A New Week, A New Economic Plan to Sell
By Ben Pershing
It's the start of a new week, and that means it's time for the Obama administration to unveil yet another sweeping, ambitious plan to fix the economy. In this case, it's the White House's blueprint for creating a public-private partnership to buy troubled assets from banks, thereby clearing their books and -- hopefully -- setting them and the larger financial system on the path back to recovery.
Tim Geithner, who still has the "confidence" of President Obama, lays out the details of the plan in an op-ed and an interview in this morning's Wall Street Journal. He will explain more this morning at a pen-and-pad press briefing, a format that often is used when the briefer is worried about being caught saying something stupid or controversial on camera.(A free piece of semantic advice: Be sure to call them "troubled" rather than "toxic" assets. Who wants to buy something that's toxic? Calling them troubled makes them sound salvageable, like the patients on a rehab reality show or a teenager in an after-school special.)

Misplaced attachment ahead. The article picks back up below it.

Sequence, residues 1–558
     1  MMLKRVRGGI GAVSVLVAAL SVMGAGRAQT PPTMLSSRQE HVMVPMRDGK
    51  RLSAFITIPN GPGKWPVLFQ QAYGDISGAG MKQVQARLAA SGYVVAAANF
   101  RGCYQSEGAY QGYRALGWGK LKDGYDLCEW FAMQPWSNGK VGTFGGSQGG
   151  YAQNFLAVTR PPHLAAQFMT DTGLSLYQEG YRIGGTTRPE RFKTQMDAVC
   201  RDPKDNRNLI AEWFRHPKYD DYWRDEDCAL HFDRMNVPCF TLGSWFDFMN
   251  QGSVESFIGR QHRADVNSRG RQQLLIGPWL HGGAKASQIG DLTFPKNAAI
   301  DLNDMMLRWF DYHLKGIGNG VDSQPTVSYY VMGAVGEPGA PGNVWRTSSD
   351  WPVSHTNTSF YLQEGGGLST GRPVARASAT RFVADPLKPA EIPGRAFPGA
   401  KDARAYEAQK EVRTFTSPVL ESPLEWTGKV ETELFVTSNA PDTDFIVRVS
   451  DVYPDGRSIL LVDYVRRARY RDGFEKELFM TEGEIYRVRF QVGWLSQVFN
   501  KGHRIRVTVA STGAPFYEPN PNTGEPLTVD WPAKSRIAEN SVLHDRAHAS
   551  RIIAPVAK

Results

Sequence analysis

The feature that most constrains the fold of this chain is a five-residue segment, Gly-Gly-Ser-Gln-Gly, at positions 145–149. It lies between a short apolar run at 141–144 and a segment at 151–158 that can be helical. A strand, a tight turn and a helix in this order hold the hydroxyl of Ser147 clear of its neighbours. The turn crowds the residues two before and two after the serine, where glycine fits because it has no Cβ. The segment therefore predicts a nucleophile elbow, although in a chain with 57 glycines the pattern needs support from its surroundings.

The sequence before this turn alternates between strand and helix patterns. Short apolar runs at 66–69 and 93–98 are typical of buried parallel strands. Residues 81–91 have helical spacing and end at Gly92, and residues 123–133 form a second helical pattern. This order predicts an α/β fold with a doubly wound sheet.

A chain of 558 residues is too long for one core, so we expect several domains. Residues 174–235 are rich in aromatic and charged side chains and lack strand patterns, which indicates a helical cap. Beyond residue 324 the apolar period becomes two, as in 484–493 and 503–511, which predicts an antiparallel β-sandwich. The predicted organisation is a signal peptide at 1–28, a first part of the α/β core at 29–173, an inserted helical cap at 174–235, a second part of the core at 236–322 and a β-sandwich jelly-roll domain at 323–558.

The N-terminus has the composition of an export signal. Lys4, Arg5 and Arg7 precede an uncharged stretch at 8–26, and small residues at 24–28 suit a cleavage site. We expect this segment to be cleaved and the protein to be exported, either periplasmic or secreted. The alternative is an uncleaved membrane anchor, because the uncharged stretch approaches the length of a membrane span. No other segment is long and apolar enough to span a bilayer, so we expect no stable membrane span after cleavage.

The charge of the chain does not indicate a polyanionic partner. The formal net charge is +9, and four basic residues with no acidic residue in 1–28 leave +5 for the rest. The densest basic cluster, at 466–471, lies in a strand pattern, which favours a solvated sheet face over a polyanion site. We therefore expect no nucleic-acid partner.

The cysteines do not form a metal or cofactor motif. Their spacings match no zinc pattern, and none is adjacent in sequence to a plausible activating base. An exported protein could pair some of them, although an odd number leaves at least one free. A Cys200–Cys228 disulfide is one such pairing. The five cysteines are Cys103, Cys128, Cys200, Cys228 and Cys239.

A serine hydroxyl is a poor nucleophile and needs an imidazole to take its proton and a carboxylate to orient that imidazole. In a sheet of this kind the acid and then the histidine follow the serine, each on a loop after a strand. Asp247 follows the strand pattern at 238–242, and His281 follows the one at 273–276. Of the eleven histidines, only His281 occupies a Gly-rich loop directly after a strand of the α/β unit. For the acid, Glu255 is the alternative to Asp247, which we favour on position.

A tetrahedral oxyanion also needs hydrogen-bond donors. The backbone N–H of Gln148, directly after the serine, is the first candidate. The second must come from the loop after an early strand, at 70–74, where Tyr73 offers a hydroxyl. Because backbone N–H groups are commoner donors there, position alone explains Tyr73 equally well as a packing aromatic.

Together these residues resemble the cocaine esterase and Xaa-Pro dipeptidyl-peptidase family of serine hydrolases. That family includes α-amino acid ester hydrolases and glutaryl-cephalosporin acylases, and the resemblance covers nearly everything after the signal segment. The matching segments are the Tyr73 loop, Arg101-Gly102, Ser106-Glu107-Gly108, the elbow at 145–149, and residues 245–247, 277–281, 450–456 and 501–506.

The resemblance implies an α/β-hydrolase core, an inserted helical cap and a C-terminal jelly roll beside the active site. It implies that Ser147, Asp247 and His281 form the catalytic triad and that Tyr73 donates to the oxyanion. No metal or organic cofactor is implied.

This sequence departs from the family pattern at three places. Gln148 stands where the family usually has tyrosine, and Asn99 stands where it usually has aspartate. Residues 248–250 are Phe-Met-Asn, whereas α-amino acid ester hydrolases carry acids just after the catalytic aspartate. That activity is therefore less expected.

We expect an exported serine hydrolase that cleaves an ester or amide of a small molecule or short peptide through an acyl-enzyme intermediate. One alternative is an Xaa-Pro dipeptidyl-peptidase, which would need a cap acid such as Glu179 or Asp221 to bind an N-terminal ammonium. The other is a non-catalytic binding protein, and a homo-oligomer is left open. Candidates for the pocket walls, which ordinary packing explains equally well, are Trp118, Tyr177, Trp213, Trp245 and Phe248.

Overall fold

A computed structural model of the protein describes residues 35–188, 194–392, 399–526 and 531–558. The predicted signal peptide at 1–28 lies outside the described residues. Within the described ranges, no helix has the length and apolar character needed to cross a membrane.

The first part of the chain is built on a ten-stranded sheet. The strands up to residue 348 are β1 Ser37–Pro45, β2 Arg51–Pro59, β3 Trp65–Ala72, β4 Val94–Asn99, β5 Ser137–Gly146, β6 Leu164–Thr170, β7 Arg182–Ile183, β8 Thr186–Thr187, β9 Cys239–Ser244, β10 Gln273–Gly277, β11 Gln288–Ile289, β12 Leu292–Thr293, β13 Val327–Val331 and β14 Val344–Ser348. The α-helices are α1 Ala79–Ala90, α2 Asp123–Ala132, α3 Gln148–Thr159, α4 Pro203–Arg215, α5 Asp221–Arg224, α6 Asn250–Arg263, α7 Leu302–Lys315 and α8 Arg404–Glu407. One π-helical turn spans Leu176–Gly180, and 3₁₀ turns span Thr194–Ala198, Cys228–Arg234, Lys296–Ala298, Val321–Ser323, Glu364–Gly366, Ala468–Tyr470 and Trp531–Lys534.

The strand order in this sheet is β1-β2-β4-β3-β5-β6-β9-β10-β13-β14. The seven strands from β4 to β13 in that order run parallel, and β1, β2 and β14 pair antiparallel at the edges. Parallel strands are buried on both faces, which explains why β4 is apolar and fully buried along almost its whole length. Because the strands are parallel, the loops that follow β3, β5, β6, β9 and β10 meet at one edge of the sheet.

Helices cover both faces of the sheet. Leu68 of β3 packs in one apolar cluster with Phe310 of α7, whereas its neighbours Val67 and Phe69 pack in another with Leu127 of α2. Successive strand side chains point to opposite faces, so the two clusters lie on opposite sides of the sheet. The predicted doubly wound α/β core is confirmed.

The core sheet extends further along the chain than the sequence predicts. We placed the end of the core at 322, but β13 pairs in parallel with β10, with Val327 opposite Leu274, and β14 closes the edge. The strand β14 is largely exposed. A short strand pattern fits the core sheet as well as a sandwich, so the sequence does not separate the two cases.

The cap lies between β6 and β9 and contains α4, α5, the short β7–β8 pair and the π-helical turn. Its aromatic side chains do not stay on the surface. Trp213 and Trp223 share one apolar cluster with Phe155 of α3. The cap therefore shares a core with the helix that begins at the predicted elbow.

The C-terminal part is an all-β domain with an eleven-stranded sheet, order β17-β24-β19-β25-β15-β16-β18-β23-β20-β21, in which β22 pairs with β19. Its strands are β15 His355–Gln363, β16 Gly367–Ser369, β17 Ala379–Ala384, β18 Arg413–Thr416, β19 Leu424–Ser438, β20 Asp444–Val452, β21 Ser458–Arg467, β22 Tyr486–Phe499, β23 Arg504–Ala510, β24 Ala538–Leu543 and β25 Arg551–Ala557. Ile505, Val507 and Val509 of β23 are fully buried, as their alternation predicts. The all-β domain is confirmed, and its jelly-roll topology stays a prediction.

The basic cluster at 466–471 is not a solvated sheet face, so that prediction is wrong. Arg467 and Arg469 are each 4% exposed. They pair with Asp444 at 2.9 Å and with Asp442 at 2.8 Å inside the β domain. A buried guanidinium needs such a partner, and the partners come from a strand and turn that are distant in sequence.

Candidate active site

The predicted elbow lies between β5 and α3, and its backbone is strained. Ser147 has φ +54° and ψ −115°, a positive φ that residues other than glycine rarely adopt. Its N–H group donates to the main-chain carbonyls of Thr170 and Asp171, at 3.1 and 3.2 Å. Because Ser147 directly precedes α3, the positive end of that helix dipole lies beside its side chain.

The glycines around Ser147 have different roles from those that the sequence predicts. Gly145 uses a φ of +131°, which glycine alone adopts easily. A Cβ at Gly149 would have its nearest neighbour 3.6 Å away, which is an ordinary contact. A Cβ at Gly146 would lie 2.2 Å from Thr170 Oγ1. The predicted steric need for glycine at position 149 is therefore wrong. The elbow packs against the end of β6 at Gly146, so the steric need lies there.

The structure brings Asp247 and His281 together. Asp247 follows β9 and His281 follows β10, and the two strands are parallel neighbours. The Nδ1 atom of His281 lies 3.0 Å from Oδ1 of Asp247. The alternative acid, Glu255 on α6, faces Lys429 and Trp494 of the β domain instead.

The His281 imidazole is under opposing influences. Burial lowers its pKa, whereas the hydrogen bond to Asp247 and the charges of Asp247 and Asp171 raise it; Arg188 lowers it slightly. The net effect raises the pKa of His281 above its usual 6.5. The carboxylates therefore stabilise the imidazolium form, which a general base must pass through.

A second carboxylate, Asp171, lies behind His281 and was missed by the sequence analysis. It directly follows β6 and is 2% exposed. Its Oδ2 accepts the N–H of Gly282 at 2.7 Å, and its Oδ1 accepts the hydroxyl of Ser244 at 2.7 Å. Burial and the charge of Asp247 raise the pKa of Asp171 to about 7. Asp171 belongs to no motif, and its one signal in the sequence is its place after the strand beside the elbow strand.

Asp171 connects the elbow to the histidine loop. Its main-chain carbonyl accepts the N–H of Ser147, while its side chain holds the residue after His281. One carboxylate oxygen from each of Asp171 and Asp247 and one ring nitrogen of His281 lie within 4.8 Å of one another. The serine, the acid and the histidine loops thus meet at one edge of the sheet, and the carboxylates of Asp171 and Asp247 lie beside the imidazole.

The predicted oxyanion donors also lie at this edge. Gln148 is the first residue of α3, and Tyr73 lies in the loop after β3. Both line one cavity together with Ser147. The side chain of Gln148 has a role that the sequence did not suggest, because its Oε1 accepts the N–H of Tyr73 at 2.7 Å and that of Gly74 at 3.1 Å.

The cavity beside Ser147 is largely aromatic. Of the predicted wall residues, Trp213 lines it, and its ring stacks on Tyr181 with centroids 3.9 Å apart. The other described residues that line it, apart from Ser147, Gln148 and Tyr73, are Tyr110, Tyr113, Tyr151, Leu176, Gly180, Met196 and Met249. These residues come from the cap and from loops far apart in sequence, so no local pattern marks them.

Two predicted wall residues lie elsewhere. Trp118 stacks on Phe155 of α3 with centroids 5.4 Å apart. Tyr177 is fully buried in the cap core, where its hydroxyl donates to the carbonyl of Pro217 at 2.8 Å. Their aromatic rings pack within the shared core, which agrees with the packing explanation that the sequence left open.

How the Obama administration fares during this continued crisis seems dependent on two factors -- how much the public actually understands about the White House's latest plans, and how much more the public will tolerate. How will average voters decide what they think of the latest plan, which is exceedingly complicated and involves both significant public risk and the chance of lucrative private gain? Paul Krugman, for his part, is filled with "despair" at the idea. Fellow economist Brad DeLong is much more positive. The former has a much larger readership than the latter, but the jury is still out on which narrative will take hold with the public.
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